Darold SauberWith unprecedented innovation driving the consumer goods industry, shoppers have more options on market shelves than one could have imagined 30 years ago. At the same time, evolutions in packaging technology and marketing have dramatically shifted consumers’ buying decisions, making stand-out packaging an absolute necessity in today’s marketplace.

As we look to the future, we can expect several packaging trends to continue driving innovation, all with the goal to win buyers in the grocery aisles:

Going green

Our society’s focus on a product’s recyclability and the environmental impact of product manufacturing will continue to be at the forefront for the packaging industry. Within our Contract Manufacturing division at Dairy Farmers of America, all excess aluminum, glass bottles and cardboard are recycled, and we’ve taken numerous measures across our plants to reduce our energy consumption and waste. But for the most part, consumers aren’t exposed to that activity when they’re making a buying decision.

They’re looking for indicators on packaging that the container is recyclable, as well as made with recyclable or plant-based materials. The beverage can, for example, can go from the consumer’s hands, the recycling process and then back on the retail shelf in 60 days. Buyers have also begun to show an interest in package manufacturing that utilizes stringent earth-friendly practices, such as being carbon neutral.

Single-serve aseptic plastic

As more and more brands embrace the ability to deliver shelf-stable products, consumers are exposed to a broader array of choices. This helps make purchasing beverages they previously wouldn’t have considered finding outside the refrigerator case a more viable option, such as shelf-stable milk.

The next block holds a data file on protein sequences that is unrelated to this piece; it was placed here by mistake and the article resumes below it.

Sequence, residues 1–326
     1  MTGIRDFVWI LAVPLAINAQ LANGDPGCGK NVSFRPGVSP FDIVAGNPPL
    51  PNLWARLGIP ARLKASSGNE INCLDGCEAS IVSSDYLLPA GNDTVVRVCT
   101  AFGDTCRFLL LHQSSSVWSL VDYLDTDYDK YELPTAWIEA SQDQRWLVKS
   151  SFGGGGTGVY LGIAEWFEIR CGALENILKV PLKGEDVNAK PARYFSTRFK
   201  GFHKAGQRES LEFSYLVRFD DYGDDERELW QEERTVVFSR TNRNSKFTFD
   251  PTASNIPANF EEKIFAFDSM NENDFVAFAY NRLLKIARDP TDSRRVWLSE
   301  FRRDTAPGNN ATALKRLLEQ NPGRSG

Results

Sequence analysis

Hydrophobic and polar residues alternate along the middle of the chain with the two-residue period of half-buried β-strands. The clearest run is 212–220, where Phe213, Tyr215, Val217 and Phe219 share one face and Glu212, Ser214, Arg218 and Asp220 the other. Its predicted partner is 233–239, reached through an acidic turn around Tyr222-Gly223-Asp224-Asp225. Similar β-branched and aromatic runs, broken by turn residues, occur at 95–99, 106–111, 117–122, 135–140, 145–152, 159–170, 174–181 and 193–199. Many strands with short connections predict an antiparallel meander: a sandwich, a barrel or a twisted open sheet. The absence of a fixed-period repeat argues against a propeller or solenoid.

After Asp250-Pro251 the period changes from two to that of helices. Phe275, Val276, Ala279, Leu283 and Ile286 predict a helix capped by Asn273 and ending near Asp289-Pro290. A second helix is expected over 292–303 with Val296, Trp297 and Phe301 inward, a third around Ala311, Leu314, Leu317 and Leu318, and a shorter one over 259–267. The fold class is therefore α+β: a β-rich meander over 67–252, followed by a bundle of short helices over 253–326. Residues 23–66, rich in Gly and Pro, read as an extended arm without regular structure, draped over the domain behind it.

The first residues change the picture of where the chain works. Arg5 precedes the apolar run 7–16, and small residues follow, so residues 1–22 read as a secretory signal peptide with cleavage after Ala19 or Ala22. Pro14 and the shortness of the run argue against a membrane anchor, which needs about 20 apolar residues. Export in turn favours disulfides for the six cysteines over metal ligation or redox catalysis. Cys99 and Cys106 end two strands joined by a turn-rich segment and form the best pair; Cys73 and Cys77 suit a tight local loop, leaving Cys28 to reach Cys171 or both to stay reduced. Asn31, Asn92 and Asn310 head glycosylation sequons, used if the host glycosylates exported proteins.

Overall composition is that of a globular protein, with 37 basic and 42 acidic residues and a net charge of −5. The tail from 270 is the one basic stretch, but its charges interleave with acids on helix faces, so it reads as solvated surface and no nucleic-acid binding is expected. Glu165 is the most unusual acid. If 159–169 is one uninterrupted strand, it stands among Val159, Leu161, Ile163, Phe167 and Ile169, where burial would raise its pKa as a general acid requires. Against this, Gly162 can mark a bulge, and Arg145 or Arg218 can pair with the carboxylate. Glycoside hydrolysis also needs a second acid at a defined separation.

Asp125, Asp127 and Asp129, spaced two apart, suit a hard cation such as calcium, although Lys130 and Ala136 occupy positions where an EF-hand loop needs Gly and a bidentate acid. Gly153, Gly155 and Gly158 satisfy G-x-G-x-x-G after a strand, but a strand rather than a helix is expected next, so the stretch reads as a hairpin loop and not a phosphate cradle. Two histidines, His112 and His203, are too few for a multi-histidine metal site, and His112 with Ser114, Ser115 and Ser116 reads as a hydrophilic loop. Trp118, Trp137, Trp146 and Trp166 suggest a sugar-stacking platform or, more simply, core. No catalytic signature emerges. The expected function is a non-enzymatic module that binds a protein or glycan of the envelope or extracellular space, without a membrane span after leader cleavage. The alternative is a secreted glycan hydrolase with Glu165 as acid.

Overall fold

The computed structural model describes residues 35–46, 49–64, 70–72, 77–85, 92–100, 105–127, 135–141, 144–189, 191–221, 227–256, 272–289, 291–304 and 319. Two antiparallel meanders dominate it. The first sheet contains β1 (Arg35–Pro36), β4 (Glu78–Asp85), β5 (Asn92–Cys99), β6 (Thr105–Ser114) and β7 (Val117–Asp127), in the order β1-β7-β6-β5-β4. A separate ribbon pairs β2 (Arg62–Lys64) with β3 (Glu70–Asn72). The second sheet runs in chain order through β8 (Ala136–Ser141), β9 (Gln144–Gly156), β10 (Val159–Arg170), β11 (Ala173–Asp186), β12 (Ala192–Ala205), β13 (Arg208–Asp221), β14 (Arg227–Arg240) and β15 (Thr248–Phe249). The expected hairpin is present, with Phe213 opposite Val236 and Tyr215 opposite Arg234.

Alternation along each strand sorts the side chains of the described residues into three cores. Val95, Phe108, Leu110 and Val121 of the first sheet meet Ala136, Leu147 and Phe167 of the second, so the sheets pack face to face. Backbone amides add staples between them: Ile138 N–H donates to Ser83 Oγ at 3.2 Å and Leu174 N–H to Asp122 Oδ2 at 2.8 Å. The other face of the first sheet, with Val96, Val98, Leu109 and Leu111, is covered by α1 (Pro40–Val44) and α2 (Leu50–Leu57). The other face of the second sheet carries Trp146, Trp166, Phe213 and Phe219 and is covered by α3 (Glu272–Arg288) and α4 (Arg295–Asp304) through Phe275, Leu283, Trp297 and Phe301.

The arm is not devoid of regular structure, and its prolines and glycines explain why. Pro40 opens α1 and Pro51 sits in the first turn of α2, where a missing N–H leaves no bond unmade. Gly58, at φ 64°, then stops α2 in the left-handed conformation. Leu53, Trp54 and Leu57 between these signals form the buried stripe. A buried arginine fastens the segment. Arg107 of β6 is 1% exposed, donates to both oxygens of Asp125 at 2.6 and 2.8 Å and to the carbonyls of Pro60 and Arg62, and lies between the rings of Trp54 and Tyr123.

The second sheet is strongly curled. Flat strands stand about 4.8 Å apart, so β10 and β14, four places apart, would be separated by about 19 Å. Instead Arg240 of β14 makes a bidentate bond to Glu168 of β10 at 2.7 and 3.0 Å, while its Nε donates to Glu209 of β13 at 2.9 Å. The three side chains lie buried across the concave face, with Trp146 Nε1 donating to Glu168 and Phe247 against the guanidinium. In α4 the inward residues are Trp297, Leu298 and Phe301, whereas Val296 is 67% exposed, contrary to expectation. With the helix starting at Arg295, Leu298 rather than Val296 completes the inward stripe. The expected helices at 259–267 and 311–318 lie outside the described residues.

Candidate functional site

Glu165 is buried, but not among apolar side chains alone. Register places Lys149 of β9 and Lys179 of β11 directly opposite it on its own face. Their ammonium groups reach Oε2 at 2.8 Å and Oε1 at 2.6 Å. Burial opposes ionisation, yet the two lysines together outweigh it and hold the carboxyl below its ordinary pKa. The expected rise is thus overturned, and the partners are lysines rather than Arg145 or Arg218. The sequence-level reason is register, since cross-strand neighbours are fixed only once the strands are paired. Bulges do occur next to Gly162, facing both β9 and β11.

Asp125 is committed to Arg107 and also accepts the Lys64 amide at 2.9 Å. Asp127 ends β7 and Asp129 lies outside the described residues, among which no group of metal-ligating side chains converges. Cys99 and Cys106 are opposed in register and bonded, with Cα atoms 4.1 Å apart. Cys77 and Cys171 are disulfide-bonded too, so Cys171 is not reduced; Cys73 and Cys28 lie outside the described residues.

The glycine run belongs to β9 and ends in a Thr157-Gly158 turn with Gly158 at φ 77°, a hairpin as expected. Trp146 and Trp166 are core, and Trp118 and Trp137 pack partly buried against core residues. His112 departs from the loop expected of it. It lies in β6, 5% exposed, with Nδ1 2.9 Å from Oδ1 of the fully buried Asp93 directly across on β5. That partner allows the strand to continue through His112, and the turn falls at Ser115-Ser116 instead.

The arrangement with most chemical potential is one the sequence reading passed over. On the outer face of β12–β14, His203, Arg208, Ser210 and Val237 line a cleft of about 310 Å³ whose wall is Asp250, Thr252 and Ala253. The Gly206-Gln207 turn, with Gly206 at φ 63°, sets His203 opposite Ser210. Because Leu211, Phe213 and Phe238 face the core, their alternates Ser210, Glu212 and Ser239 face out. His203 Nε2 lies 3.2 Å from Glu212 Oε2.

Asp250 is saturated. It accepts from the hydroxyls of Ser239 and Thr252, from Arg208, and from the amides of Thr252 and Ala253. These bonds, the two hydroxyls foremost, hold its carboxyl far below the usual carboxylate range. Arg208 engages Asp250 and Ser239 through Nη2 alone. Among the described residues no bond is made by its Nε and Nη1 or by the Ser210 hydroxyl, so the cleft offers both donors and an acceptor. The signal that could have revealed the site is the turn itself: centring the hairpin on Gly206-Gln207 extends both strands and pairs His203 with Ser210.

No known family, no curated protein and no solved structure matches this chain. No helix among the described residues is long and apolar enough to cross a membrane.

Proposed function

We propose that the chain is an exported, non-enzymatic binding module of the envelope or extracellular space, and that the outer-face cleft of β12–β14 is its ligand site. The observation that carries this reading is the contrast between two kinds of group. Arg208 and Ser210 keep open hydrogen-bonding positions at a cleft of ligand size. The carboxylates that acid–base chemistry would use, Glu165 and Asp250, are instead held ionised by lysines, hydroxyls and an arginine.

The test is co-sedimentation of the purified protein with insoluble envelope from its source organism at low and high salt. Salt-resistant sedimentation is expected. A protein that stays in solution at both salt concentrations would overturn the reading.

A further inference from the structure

Consumers are demonstrating a strong interest in single-serve beverages that support their busy lifestyles. The light and compact packages available through single-serve aseptic plastic have increasingly sparked consumers’ interest and continue to be allotted more shelf space by grocers for the on-the-go lifestyle of today’s consumer.

Even as their interest for single-serve options increase, consumers continue to remain mindful of the product’s environmental impact. Consumers are also finding they can reduce waste by shifting to smaller single-serve packages. As education on the recycling options for aseptic packaging increases, we can expect to see consumer acceptance of these new options and products to increase as well.


Consumer demand for bisphenol A (BPA)-free options is on the rise and will continue to drive manufacturers to find alternatives for the substance. Interestingly, as the demand rises for BPA-free packaging, so has the demand for easily-recycled containers, which have been historically lined with BPA for product preservation. For the foreseeable future manufacturers will find themselves challenged with answering the growing demand for finding alternatives to BPA that provide similar functionality.

From reviewing packaging for recycling codes to limiting purchases to BPA-free options, consumers are driving manufacturers to find new and innovative ways to approach production. That opens up a lot of opportunity, making it an equally challenging and rewarding time to be a part of this industry.


 Darold Sauber is the director of business development for Dairy Farmers of America. The Cooperative’s Contract Manufacturing division works closely with some of the nation’s most recognizable brands to develop, test and produce a broad range of shelf-stable products in packaging such as steel, aluminum and glass. For more information about DFA and its contract manufacturing capabilities, visit www.dfamilk.com or call 417-829-2510.